The queen even gave her lodgings at Hampton Court Palace, where she was often seen distributing suffragette newspapers, but despite these royal connections she was a member of the Women’s Tax Resistance League.
Her connections proved useful for the movement. In 1911, she was among women protesting at Downing Street as then-prime minister Herbert Asquith left for the king’s speech to parliament.
Waving a suffragette poster and suffragist slogans, she threw herself at his car as he left, but was released without charge to avoid embarrassment for the royals.
The daughter of a deposed Indian Maharaja whose kingdom was annexed by the British before he was exiled to England, Sophia Duleep Singh was Queen Victoria’s goddaughter as well as being a committed suffragette
Best known as the suffragette who was fatally injured at Epsom racecourse by the king’s horse, Davison had a reputation as one of the most daring champions of direct action in the WSPU.
She was arrested and force-fed dozens of times, admitted setting fire to postboxes, and hid within the Palace of Westminster several times, perhaps most famously in a cupboard on the night of the 1911 census in an attempt to boycott it.
Tony Benn MP later placed a plaque in the cupboard himself to commemorate her act.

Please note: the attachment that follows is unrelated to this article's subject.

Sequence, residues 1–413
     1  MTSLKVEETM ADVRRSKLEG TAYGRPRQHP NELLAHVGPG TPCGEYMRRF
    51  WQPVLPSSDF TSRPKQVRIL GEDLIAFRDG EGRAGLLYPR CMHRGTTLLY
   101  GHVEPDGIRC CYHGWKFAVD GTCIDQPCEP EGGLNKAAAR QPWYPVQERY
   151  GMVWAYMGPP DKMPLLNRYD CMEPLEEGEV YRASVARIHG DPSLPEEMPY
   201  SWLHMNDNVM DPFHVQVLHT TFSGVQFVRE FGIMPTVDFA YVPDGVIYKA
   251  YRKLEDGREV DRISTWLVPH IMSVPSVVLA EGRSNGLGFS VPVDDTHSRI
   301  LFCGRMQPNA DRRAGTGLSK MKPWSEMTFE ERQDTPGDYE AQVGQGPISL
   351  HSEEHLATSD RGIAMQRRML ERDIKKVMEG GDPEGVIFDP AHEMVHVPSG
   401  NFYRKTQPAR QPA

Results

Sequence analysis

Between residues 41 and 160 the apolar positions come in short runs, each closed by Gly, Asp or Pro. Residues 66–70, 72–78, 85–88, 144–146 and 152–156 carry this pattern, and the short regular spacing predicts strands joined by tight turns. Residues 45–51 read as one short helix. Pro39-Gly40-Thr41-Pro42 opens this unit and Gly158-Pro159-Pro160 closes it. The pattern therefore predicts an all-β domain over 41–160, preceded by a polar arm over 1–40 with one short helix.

Best known as the suffragette who was fatally injured at Epsom racecourse by the king’s horse, Emily Davison had a reputation as one of the most daring champions of direct action in the WSPU
The Manchester-born WSPU member was known for dramatic stunts, a militant attitude to suffrage, and rallying speeches.
Her exploits included sneaking in through the front door of 10 Downing Street as her colleagues distracted police, and sailing a boat up to the Houses of Parliament so she could address MPs on the terrace.
After years of writing romance novels, Charlotte Despard turned her hand to charity and suffrage when her husband died.
Although she was twice put in Holloway prison, she advocated non-violent means of protest such as withholding taxes and census boycotts.
One of the oldest prominent WSPU members, she was in her 60s when she left the group after her pacifist ideas contradicted their changed approach when war broke out.
After years of writing romance novels, Charlotte Despard turned her hand to charity and suffrage when her husband died